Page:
Stewart is the nation's largest immigrant detention center, and is located in state that recently passed a strict anti-immigrant law that is modeled after Arizona's infamous SB 1070.  As NPR reported ("Prison Economics Help Drive Ariz. Immigration Law," October 28, 2010) last year, CCA actively helped draft SB 1070.

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Humpday Hall of Shame: Texas Governor & Presidential Candidate Rick Perry

Every Wednesday we’ll be highlighting the private prison industry’s influence on public policy through campaign contributions, lobbying, and the revolving door of public and private corrections.

While Texas Governor Rick Perry's record on criminal justice reform has been mixed, his cozy relationship with the private prison industry has raised eyebrows.   Texas has more private prisons, immigrant detention centers, and jails than any other state.

And, according to an article by Tim Murphy in Mother Jones ("Flush With Prison Industry Dollars, Rick Perry Pushed Privatized Prisoner Care," September 1), Perry has been a friend to the private prison industry:

"As governor, Perry, the front-runner for the GOP presidential nomination, has supported privatizing everything from public lands to highways, but according to Scott Henson, a criminal-justice watchdog who runs the blog Grits for Breakfast, the governor had remained largely quiet on the prisons issue—until this year... Read more about Humpday Hall of Shame: Texas Governor & Presidential Candidate Rick Perry

Humpday Hall of Shame: Gladiator School

Welcome to The Hump Day Hall of Shame:  Every Wednesday we’ll be highlighting the private prison industry’s influence on public policy through campaign contributions, lobbying, and the revolving door of public and private corrections.

"This isn't even what we know of as a prison — this is a gulag."  -- Steven Pevar, ACLU Attorney

The Idaho Correctional Center (ICC) has a reputation as being one of the most violent correctional facilities in the nation, earning its nickname “The Gladiator School” from its inmates.  ICC was built almost a dozen years ago on state-owned property by the Corrections Corporation of America (CCA), and was the first state-owned but privately run facility in the nation.  Since last year, Timothy Wengler has been warden at this facility of more than 2,000 medium security men.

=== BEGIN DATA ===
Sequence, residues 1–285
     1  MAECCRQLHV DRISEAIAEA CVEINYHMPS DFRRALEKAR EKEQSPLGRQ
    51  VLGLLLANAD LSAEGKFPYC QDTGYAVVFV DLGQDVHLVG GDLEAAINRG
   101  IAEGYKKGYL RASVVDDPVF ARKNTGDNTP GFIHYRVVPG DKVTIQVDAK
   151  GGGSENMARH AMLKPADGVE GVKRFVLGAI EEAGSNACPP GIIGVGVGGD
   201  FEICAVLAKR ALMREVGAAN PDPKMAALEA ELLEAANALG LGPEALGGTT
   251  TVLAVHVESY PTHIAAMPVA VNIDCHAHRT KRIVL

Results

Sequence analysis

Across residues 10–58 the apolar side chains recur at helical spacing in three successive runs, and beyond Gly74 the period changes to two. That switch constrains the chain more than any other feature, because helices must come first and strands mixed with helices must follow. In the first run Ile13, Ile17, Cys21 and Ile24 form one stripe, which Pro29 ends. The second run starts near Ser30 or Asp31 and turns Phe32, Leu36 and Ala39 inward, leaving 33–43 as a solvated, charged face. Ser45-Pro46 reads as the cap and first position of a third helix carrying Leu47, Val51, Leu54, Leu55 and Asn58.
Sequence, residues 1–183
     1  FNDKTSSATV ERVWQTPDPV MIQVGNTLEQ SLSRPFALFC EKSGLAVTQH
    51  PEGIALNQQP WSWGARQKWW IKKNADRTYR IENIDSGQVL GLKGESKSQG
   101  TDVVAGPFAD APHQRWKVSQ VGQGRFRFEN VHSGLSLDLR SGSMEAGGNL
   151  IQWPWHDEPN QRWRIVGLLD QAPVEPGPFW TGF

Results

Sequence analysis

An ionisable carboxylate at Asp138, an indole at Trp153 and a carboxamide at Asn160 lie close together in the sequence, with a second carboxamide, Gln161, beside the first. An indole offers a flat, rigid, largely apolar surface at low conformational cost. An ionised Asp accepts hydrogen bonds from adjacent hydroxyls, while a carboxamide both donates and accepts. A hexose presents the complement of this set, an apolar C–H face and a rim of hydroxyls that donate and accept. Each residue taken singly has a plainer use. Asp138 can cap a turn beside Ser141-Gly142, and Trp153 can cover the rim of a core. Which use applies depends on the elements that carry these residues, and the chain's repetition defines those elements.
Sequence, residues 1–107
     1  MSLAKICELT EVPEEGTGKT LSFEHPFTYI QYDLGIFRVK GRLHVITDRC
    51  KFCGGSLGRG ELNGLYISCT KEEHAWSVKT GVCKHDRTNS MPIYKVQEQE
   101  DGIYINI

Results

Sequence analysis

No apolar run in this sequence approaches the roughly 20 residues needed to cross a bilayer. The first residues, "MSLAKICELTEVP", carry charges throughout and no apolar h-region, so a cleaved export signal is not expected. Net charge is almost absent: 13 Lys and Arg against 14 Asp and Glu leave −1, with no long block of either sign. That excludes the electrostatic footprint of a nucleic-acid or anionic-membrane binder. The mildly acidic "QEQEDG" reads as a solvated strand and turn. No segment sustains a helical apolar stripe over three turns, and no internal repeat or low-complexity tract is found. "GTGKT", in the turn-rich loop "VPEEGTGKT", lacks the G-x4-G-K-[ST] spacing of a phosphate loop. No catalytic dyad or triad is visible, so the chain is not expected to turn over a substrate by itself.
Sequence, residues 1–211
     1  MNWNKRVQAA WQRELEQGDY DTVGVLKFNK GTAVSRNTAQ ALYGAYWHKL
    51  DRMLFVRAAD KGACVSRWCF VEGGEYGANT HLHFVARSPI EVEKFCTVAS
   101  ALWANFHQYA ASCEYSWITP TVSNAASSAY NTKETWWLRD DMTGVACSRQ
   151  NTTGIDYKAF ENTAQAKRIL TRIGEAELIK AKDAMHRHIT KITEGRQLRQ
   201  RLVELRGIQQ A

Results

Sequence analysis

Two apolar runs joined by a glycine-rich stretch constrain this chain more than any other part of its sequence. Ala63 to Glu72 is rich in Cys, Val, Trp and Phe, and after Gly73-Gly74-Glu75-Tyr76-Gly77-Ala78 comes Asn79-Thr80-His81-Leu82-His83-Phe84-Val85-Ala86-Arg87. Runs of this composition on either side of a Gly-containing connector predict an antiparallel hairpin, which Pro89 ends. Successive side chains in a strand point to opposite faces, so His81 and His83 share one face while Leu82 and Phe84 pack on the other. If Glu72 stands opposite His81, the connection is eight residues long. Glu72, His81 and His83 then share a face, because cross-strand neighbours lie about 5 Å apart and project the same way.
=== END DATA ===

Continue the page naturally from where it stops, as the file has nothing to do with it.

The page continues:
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Humpday Hall of Shame: CCA's Harley Lappin

Welcome to The Hump Day Hall of Shame – every Wednesday we’ll be highlighting the private prison industry’s influence on public policy through campaign contributions, lobbying, and the revolving door of public and private corrections.

Today's inductee is Harley Lappin, the former chief of the Federal Bureau of Prisons (BOP) who "retired" this spring after a DUI arrest only to become the Cheif Correctional Officer" for private prison giant Corrections Corporation of America.  Here's how Walter Pavlo described the relationship in a recent Forbes Magazine column:

"On May 25, 2005, while Lappin was Director, the BOP awarded a $129 million contract to Corrections Corp. for management of a low-security federal factility in Youngstown, OH.  In April 2009, again while Lappin was Director, the BOP awarded Corrections Corp a contract to house criminal alien offenders at its facility in Adams County, Mississippi.  In fact, these are just a few of the awarded contracts to Corrections Corp. from federal agencies, including the BOP.  According to 10-K (SEC Annual Filing for 2010), the federal government accounts for 43% of the total revenue of the company.

... My hope is that Lappin will be the best Chief Corrections Officer that he can be without having to call in any favors from his old friends he made at the BOP.  Like I said, I’m HOPING." Read more about Humpday Hall of Shame: CCA's Harley Lappin